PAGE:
3D printing is increasingly becoming popular for business around the world as the technology becomes more efficient and accessible. It helps build higher-quality products by allowing designers to produce product archetypes easily and bridging the gap between prototyping and full-scale production. What’s more, it dramatically reduces material wastage and helps firms make personalized, complex-shaped objects for a lower cost.
Currently, there are over 30 file formats for 3D printing, which can make it very confusing to decide which one is right for you and your work.
To help you out, let the Proto21 3D printing experts in Dubai guide you. Read on to learn how 3D printing file formats work and which top 3D printing file format is best for your project.
First and foremost, it is crucial to understand how 3D printing file formats work. At its core, a 3D printing file format is a way to cache data about your 3D model so that a 3D printer can read it and create your object. The file will include the necessary data to form your object — specifically, the shape and the geometry. Newer file formats are advanced enough as well to contain data related to color, texture, and materials.
Another consideration to make concerning which type of file format you are going to use is how big you want your 3D model to be, as the possible size is fully dependent on the technology/printer that is used. For example, the printing envelope capacity of Stereolithography (STL) is 14.5cm × 14x5cm × 17.5 mm.
Knowing which 3D printing file format you are going to use is vital since not all file formats can be read by 3D printing software. Additionally, not every 3D File can be printed 3D. Therefore, it is best to work with a top company that specializes in 3D designing for 3D printing because they will be able to ensure that your file format is appropriate for the 3D printing process. If it is not suitable, they will be able to fix it.
As mentioned earlier, there are over 30 file formats for 3D printing available, but here are the three most commonly used.
The de facto standard for consumer-grade 3D printing, STL (“stereolithography”) is a no-frills arrangement that creates the configuration of your object by establishing the coordinates of the points of all the triangles into which a surface can be subdivided. In use since the beginning of 3D printing, this type of 3D rendering only comprises a single color and can be used with desktop 3D printers.
As it is the most widely used 3D printing file format, STL can be utilized for rapid prototyping services and 3D printing for both amateurs and professionals alike. If the item you are printing only has one color or material, then you will want to use STL as it is the simplest option and has smaller file sizes and faster processing than other formats.
Additionally, STL is supported by nearly all 3D printers, and most 3D printable models that you will encounter on the internet will be in the STL file format.
However, if you do want to use color or have a high resolution, the STL file format is not going to be able to handle it.
Currently, the main competitor to STL is the OBJ (Wavefront OBJect) file format which is able to store color and texture profiles. It is also praised for its ability to produce precise models and is, consequently, likely to become a standard 3D printing format soon. Therefore, if you want to employ multiple colors or materials in your 3D printing, then you are going to want to use either OBJ or VRML (listed below) for your project.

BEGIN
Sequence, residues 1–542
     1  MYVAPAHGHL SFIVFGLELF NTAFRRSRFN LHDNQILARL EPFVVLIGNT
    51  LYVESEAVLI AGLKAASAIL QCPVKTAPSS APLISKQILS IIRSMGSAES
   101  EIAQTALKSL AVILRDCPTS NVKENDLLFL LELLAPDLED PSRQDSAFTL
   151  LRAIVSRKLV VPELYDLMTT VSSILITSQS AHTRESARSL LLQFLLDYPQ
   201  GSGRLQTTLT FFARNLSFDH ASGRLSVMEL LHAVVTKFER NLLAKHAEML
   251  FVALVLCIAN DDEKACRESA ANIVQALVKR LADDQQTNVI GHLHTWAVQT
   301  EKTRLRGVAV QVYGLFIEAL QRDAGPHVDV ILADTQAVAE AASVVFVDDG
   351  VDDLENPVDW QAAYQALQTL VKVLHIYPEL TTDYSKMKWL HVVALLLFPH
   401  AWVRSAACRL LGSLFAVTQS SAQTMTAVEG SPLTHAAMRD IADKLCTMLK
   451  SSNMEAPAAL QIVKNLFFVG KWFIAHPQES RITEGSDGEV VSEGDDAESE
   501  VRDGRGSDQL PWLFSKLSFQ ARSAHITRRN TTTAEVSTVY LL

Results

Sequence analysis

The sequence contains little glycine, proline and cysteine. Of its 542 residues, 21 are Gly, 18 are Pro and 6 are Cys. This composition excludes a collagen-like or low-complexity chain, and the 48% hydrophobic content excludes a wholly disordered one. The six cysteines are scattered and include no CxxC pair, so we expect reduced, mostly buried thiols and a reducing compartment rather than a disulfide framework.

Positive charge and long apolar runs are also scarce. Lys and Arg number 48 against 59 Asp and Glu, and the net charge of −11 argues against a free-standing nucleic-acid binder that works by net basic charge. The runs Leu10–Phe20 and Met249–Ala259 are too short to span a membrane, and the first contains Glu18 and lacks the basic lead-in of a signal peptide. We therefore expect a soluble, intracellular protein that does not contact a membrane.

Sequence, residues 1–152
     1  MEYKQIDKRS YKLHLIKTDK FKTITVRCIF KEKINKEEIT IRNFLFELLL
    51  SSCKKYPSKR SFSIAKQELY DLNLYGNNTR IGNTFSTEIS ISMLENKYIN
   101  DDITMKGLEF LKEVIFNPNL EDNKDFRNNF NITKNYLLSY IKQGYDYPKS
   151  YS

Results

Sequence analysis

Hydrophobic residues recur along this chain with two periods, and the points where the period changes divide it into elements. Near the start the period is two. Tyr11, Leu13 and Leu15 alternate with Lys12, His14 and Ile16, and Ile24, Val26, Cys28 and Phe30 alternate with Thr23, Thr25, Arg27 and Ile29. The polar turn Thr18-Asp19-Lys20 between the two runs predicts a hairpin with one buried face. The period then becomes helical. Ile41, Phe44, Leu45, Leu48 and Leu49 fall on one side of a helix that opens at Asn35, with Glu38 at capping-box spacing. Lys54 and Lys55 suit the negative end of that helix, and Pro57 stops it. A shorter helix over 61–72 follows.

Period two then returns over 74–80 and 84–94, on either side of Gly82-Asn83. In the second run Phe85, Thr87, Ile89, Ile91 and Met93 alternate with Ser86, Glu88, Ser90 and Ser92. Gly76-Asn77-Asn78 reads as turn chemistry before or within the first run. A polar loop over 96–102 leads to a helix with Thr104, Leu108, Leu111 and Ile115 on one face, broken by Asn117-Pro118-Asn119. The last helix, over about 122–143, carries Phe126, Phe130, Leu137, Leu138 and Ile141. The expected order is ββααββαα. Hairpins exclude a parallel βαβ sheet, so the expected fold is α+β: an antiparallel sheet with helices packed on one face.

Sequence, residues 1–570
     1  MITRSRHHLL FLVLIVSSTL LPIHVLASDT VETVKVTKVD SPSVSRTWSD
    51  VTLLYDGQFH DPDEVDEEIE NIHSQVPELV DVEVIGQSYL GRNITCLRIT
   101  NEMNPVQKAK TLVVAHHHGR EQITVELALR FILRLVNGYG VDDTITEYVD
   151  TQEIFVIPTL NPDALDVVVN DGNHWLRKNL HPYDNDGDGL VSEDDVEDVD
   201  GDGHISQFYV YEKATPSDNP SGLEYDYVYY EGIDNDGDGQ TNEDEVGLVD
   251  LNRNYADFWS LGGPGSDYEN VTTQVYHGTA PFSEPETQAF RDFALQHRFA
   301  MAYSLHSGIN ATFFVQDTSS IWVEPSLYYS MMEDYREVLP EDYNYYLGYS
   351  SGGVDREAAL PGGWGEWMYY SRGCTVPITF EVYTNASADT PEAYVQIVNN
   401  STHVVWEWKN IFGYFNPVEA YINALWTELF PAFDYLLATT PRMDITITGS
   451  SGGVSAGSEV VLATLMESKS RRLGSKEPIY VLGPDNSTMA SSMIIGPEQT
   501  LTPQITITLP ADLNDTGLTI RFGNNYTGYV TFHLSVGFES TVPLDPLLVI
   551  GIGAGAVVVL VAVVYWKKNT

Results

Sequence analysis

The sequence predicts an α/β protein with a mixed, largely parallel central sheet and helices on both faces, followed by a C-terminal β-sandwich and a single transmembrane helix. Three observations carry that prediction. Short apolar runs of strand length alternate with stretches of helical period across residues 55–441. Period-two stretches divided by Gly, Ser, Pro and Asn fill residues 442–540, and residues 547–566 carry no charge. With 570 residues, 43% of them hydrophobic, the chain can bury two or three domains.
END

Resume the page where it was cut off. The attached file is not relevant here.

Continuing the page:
Similar to the STL format, the OBJ file format is presented in a simple and open form and produces files that are a lot smaller compared to other file formats for 3D Graphics. So, if you are creating 3D graphics without animations, OBJ is also your best option.
One downside: While the OBJ format does have reasonable adoption throughout the 3D printing community, it is nowhere near being universal.
Used widely in both the film and gaming industries, FBX is a popular choice for animation as it supports geometry and appearance-related attributes (such as color and textures). Furthermore, FBX is known for its exceptional support for skeletal and modified animations.
If you are considering using FBX (to print a video game figurine, for example), then it is good to know that both binary and ASCII files are supported.
The choice for projects in engineering-related fields (such as automotive & aeronautic engineering and building construction), STP files render 3D objects in CAD software and include detailed information. STP can handle all the characteristics of the IGES format and is capable of encoding topology, algorithmic thresholds, and material properties such as textures and materials. In fact, STP files can hold data from the complete life-cycle of a product’s design.
Have you ever used a 3D printer? If so, what 3D printing file format did you use? What did you think of the experience? If not, are you interested in trying out 3D printing? Let us know your thoughts regarding this topic in the comments below, and get in touch with our expert team at Proto21 for any inquiries.
3D Printing is already shaking our age-old notions of what can and can’t be made.- Hod Lipson
Proto21 | ©2022 All rights reserved | Powered by Salsoft Technologies
Your Local Manufacturing Partner